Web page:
Thursday, June 14, 2012

Vodafone: Tax Dodger or Brilliant Financial Mind?

“Vodafone faces a fresh attack over its affairs after an investigation by the Sunday Times revealed that the mobile phone giant paid no corporation tax in Britain last year. Despite earning several hundred million pounds from its 19 million customer, Vodafone shared none of these profits with HM Revenue and Custom in the UK in the 12 months to the end of March, 2012”, (The Sunday Times, 10th June 2012, Business, p.1). The revelation comes amid heightened scrutiny of the tax bills of multinational companies as governments scramble to patch up their public finances.

The Sunday Times tell us that the underlying earnings before interest and tax at Vodafone’s British operation rose from £1.2 billion to £1.3 billion in the year end of March. Adjusted pre-tax profits rose from £348 million to £402 million over the period. However, its British corporation tax bill fell from £140 million in the 12 months to 31st March, 2011, to zero in the year just ended.

Vodafone, Apple and scores of other multinationals have created subsidiaries in Luxemburg in an attempt to minimise their tax bills in big markets such as Britain. Luxemburg is an aggressive adversary when it comes to tax. On the surface, it is a model international citizen, playing host to the European Court of Justice and the secretariat of the European Parliament.

The country is, nevertheless, exacerbating the crisis that threatens to smash apart the single currency in Europe by denying governments billions in taxes. 

Vodafone and others aren’t breaking the law by doing this and are upholding their responsibilities to their stakeholders through profit optimisation. Most people aren’t that sympathetic towards the taxman at the best of times, so there will be those that are saying ‘good for them’, just before instructing their broker to buy shares in Vodafone.

But this ‘clever manipulation’ raises a number of questions, like whether business is operating on a fair and equitable playing field, where these benefits are open to all that want them? But hold on – if they were, where would HMRC get its tax income from? So, in what seems to be a common theme these days, there appears to be two distinct sets of rules – one for the large and powerful organisations and then for the rest.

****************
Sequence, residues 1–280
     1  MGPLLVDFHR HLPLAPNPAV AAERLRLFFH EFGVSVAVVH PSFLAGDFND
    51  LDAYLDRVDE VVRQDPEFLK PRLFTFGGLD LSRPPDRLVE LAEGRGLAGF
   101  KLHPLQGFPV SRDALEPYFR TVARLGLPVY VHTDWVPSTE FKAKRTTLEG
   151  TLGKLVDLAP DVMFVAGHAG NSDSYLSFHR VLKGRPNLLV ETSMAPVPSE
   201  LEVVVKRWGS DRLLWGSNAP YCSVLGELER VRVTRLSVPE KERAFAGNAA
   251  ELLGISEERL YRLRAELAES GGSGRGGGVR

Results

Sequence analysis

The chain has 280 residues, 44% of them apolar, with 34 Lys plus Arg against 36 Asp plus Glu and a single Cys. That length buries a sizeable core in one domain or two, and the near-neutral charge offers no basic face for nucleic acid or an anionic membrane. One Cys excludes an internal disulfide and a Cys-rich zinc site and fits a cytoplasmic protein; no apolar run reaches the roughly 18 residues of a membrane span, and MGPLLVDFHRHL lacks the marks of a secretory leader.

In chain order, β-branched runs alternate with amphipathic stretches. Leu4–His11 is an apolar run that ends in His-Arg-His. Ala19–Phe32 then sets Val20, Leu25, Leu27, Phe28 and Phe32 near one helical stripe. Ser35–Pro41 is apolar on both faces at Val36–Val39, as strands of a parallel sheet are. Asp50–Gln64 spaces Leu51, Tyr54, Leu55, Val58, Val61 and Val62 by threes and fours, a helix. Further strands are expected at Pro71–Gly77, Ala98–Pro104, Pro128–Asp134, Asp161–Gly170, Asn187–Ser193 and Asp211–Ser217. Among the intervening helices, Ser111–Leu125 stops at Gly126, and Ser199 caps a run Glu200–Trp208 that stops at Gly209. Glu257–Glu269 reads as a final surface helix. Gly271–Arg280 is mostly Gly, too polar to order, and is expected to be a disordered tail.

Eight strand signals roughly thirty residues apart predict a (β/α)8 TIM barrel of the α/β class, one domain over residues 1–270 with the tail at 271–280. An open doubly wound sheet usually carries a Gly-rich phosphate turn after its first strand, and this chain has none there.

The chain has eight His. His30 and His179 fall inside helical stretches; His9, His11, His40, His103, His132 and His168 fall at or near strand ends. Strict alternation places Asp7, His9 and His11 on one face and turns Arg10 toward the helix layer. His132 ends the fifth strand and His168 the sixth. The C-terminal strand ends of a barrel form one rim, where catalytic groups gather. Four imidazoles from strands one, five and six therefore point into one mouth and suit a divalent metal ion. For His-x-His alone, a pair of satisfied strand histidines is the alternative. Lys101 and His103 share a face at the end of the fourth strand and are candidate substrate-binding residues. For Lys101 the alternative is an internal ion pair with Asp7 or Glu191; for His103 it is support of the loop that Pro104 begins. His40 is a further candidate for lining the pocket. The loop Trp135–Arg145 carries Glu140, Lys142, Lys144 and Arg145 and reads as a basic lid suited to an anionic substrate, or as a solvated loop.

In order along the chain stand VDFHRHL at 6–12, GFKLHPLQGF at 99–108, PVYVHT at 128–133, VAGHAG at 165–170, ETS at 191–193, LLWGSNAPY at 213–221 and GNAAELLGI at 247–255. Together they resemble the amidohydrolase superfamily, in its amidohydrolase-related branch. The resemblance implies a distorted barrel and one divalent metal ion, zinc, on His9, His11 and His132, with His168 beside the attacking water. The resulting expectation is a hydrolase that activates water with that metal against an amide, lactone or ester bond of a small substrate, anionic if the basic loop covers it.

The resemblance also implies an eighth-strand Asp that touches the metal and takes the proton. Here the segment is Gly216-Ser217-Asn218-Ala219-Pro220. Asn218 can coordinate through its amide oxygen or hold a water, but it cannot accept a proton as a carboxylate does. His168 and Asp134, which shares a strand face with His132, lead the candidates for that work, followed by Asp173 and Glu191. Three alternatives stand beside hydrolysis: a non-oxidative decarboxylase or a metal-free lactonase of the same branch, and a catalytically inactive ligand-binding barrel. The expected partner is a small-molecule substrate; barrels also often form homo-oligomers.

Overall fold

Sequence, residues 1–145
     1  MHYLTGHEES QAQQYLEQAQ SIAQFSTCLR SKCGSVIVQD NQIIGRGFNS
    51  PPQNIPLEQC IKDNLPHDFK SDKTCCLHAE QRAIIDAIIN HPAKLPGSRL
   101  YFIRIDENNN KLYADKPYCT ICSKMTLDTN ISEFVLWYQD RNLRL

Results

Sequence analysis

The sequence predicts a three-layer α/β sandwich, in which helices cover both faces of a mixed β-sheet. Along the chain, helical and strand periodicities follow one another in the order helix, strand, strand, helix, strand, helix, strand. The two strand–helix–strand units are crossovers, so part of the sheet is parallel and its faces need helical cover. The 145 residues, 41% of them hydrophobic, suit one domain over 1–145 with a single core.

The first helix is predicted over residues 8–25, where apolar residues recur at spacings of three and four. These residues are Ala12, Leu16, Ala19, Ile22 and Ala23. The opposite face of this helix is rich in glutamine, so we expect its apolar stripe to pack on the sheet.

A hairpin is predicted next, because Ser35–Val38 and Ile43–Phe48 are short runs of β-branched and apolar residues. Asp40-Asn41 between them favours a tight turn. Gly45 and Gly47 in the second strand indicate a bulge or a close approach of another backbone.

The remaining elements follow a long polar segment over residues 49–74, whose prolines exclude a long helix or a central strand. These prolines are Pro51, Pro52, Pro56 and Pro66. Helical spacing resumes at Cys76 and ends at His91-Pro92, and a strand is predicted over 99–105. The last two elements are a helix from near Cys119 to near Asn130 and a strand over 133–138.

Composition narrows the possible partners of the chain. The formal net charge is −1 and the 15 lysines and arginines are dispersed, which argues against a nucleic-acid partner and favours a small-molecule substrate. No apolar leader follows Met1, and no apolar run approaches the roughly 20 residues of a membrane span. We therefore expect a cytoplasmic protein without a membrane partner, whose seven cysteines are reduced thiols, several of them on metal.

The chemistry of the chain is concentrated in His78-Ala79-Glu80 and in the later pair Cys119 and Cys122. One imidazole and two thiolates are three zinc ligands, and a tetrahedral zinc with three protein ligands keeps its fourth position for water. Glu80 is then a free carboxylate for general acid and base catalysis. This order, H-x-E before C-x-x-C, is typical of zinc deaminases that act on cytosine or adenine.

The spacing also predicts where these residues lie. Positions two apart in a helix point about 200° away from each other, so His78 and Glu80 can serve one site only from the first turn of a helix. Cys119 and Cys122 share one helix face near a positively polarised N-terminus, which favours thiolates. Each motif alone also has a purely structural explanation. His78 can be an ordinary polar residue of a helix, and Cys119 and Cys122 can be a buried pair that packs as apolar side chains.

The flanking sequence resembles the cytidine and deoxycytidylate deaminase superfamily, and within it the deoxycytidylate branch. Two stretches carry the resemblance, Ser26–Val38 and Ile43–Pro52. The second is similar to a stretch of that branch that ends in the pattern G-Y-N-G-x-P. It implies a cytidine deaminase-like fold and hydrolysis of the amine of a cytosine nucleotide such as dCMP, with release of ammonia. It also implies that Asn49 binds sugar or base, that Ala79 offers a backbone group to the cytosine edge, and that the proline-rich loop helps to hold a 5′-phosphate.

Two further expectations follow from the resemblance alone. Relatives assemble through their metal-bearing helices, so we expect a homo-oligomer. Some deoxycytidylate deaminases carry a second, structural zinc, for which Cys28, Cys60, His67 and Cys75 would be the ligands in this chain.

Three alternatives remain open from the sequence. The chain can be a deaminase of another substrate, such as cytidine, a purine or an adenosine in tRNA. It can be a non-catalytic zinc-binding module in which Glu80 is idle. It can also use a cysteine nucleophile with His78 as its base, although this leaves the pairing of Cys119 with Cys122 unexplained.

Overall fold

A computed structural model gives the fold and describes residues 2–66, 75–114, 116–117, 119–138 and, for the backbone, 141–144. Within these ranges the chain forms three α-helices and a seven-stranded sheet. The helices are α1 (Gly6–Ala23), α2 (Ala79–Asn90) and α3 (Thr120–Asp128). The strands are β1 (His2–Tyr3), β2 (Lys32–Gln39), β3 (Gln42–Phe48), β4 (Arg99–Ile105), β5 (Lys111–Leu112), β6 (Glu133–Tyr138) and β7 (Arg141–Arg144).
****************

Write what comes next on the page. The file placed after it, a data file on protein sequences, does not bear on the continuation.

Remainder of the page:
As much as I’d like to be critical towards Vodafone, I can’t actually fault what their financial team are doing – in fact, as much as it pains me to say, one has to applaud them for finding a way to optimise their financial returns to their stakeholders – it’s what they’re paid to do.

So the fault must sit with governments for not finding and closing these loop-holes that allow the richest organisations to get away with not paying tax in the country where they are generating vast profits. The same governments that complain about the lack of money they have available to spend on education, health and security, which leads them into borrowing a debt – leading to recessions like we’re currently experiencing – it’s absolutely crazy. While the big boys are sipping their champagne to a job well done - thee SME sector is targeted, harassed and chased for even the slightest deviation from their tax obligations – so how must they feel when they read stories like this?

It’s worth noting that Amazon avoids even more tax by using a similar method. By shuttling money through Luxemburg, it managed to pay no corporation tax in Britain last year despite generating sales of more than £3 billion in the UK.

Call me naïve, but one has to wonder just how much of an impact these practices have had on the current austerity measures being employed by governments throughout Europe.

It would appear that big business is being allowed to blackmail and manipulate governments by threatening to move their organisations offshore and lay people off, if governments try to close these tax loopholes. But hello – these governments aren’t getting any income from these organisations anyway – but more importantly these governments are elected to ‘protect’ their citizens, so where is the leadership that’s required to enforce the fair and equitable gathering of taxes for the good of the nation.

When you think about it, this practice seems to have been going on through the centuries, where the hard working owners of small businesses were chased by the taxman and severely punished for the slightest irregularity – to the extent that organisations were closed and proud men lost everything. While at the other end of the scale the wealthy land owners paid very little in comparison and had quite a cushy life.

Double standards are becoming a common theme in today’s society and it’s these double standards that divide nations and lead to sub-optimal solutions for national growth. We need governments to close the loop holes and gather the tax income they are due, for the future good of the nation and its people.


Duke, S. (2012). Vodafone faces new tax scandal. The Sunday Times, Business, 10th June, p.1.

Duke, S. (2012). Luxembourg: home sweet home for tax avoiders. The Sunday Times, Business, 10th June, p.9.

No comments:

Post a Comment